If you want fine dining, Ocracoke isn't your place. It's all about the fresh fish, barrels of grease, and beer or wine, if that's your thing. Just don't try ordering that Margarita, Daiquiri, or Long Island because liquor is not allowed to be served on the island. The selling point is truly the atmosphere of each individual place. Howard's Pub & Raw Bar is the largest place I dined at, packed with memorabilia, mostly old sports pennants and weird license plates. Like every other place, it's all wood: floors, ceiling, walls, everything. That keeps it feeling more wide open. Howard's is a bit more rock 'n roll, and perhaps a little more modern than smaller, laid-back joints like the working-class Pelican, the woodsy pizza (and more) hang out Jason's, or the indomitable, the wondrous, the amazing, Jolly Roger's. Ahhh...
Jolly Roger's was my home away from home on Ocracoke Island. I visited it six times, spending 2-3 hours per night there, with my father, eating dinner, drinking beers and watching the beautiful scenery and people. It has the advantageous distinction of being the only restaurant on Ocracoke which is actually on the water. Please don't feed the 'gulls from your table though, that can get ugly. On the menu side, don't get me wrong, the beer selection is limited, there are few wines, and the actual food consists of (basically) fried chicken, fried fish, fried Mexican food, fried hush puppies, and french fries, but I told you already, this is not fine dining. What you get though, is a big deck with chairs right on the water, live folk music every night, friendly service, and damnit, it just feels like a place you _want_ to be and you _need_ to be and you _never_ want to leave. I, also, was served by one of the most bewitching females I have never spoken to but that's a story for a different day.
The lone coffee shop on Ocracoke Island is the aptly named, Ocracoke Coffee Co. This is another place I could spend hours upon hours at and never get tired. Beyond having great smoothies and coffee drinks, the Coffee Co. is probably the most bohemian sort of place on the island. The atmosphere is far promoting of that and I couldn't help but laugh when the owner popped in Franz Ferdinand for a little rockin' during the peak hours. Hipsters - they're everywhere.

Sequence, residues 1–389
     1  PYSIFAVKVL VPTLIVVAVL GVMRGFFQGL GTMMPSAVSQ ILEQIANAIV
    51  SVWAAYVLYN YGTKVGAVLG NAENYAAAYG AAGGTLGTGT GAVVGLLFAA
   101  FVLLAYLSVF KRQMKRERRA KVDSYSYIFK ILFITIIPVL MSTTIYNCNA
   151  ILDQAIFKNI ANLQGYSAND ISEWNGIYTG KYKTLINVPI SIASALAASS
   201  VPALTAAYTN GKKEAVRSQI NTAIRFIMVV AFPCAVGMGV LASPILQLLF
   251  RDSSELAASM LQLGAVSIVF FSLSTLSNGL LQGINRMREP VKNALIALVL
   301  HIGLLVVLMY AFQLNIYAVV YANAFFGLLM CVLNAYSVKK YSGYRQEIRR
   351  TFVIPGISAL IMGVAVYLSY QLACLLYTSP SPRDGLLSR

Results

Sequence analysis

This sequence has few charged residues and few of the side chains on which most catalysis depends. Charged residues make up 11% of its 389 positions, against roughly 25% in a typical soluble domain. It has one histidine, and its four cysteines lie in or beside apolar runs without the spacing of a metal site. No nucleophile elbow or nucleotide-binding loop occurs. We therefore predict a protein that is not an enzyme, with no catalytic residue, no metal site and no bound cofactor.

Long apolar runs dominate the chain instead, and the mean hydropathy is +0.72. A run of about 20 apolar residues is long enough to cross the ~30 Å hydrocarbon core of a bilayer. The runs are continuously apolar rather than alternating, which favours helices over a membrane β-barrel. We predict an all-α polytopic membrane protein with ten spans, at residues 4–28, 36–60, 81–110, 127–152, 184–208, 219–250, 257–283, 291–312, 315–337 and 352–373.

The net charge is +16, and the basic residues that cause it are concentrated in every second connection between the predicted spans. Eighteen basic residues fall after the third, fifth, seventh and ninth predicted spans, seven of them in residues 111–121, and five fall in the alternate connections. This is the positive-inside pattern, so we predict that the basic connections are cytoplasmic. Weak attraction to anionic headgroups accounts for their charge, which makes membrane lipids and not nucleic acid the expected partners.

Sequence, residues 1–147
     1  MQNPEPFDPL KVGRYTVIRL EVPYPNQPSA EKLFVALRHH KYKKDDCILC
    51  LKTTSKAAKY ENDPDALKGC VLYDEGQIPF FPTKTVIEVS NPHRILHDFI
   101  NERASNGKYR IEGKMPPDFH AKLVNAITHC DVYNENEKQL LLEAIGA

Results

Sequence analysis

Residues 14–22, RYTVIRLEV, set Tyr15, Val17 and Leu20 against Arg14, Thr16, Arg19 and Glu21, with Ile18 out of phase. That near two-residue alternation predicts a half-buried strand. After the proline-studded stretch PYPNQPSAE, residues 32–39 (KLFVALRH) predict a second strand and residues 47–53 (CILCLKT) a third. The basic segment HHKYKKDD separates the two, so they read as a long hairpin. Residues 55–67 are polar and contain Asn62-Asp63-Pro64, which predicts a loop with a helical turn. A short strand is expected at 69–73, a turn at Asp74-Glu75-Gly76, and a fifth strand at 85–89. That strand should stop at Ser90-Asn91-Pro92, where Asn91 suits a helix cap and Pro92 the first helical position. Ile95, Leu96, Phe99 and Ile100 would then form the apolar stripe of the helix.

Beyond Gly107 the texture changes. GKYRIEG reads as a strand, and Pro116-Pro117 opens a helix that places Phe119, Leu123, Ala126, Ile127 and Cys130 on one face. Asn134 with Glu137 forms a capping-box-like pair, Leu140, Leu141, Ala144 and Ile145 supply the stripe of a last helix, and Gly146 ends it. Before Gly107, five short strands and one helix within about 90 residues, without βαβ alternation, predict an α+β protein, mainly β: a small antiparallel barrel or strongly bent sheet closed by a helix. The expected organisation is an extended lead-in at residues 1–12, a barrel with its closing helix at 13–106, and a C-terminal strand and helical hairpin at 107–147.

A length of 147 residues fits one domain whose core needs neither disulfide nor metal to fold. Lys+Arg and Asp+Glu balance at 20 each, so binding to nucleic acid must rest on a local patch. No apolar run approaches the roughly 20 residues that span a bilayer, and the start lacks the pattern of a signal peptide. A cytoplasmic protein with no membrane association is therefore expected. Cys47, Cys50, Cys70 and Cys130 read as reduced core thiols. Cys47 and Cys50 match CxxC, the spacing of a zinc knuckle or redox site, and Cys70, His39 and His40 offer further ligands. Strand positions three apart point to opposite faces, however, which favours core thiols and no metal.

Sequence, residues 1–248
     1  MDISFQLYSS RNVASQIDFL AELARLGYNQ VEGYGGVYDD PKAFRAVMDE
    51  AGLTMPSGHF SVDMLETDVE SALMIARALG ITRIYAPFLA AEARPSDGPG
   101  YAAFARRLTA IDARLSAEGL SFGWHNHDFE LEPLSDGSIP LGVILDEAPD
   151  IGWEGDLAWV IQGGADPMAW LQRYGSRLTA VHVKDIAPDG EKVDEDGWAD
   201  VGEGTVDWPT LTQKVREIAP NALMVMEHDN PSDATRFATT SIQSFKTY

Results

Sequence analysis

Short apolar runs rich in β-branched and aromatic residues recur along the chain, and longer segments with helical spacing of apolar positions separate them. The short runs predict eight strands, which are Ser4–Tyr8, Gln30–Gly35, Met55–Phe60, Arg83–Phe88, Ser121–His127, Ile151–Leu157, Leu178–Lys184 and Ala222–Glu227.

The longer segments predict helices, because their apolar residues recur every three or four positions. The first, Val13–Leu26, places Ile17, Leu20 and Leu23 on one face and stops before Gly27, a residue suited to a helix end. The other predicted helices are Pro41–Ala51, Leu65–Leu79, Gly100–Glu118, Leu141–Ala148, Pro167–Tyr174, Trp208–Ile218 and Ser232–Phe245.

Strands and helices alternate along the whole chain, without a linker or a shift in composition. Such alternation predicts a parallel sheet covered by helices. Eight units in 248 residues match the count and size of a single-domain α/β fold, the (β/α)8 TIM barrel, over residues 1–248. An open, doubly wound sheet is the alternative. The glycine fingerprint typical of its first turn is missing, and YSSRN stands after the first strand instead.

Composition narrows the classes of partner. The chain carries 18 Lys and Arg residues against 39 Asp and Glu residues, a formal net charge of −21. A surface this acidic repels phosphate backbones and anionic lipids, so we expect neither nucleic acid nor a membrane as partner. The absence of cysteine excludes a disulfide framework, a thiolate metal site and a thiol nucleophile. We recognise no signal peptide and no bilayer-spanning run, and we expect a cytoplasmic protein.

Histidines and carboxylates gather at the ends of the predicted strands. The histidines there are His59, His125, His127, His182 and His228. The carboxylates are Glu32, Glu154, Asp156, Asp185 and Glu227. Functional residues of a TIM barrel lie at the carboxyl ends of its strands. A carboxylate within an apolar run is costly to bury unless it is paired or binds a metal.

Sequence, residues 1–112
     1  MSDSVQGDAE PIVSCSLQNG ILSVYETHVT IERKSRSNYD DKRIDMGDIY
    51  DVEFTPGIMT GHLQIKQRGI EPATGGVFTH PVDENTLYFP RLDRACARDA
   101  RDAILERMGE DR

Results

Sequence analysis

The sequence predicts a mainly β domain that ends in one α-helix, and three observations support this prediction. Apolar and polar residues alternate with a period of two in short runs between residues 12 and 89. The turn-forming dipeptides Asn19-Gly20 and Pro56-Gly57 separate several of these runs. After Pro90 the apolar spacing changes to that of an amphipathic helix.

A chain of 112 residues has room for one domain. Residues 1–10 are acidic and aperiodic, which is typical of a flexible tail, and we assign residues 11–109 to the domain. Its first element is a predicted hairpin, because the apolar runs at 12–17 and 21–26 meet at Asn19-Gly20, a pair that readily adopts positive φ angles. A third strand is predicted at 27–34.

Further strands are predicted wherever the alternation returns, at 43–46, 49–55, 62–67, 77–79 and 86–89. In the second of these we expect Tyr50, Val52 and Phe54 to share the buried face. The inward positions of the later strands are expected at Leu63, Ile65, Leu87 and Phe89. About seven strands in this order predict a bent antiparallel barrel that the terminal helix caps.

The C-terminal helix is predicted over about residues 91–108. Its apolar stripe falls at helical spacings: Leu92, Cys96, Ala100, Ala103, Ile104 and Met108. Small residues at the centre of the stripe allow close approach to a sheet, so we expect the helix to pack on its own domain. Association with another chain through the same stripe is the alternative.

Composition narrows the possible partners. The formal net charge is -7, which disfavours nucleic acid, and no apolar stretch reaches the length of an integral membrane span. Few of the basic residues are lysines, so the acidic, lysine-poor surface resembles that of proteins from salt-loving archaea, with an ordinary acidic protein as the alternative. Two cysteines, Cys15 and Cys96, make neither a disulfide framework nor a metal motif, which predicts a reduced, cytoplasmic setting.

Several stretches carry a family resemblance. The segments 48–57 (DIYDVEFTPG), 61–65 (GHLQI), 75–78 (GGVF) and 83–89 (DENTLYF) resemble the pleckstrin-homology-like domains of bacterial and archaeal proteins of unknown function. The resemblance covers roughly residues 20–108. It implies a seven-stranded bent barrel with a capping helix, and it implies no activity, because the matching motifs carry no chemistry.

When all the meals for the day have been eaten, there's probably only one thing you need: candy or more beer! For the former, there is the Sweet Tooth, the great shop of confections on Ocracoke. The first time I stepped into the small shop which sits on the harbor (but not for long as it is moving), I caught a sugar buzz straight to the head. Among their fine treats include ice cream (including a huge banana split), fudge (the best I've ever had, bar none), salt water taffy, truffles, and other more random things. If you don't want the sweets, just another drink, I say stay at Jolly Roger's! But, since it does close at "10 or so" (as the sign says), the Sunset Lounge across the street is great for chilling. Sitting on the second and third level of a lodge, it's the perfect place to see the sun dip into the water, and with ultra-comfortable outdoor seating, a wonderful place to have late night conversations and meet people.
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The people of Ocracoke were initially hard for me to read. They were easy to tell apart from the tourists; they were much more reserved, much less talkative, and seemed to have that whole Ocracoma "hummmm" going on, as previously mentioned. This can be mistaken for being downtrodden, or just plain rude. One thing I'm sure of and that is that they were far from rude. The island being a bed of tourism and little else, they served us with kindness and with efficiency that professionals should. They may very well be dejected in some respects, too, though. Ocracoke seemed like a place of rich living poverty. In that, I mean that the people are probably poor but living on an island where you don't need much to enjoy yourself. But, when your options are limited, and you spend a lot of time seeing more wealthy people with much more opportunity pass through, I suspect the feeling of dejection could creep in easily.
With that said, I'm applying the standards of industrial, mass consumption living to a place that is unlike any that I have ever been to. From those who know the island, the community of Ocracoke residents is incredibly tight-knit. Possibly, they just don't care for us worldly tourists with our tense and opportunistic ways. Either way, the population is quite intriguing, not to mention incredibly hospitable and, for those who serve at the various establishments, excellent in their work.
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the first ferry leaves at 5am
What a sad time it was, making our way through the dark on the ocean, en route to Hatteras and the rest of this damned country. Never have I connected to a place so much; felt its ways and its harmony. There is not much more to add besides, everyone should go to Ocracoke Island at least once in their adult lives. I will go on a limb and say that once you go, you will want to return. As for me, you can catch me on the patio of Jolly Roger's in the middle of July, 2005.
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Ocracoke Island, North Carolina.
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Best Suited For: Friends
Best Time to Travel Here: Jun - Aug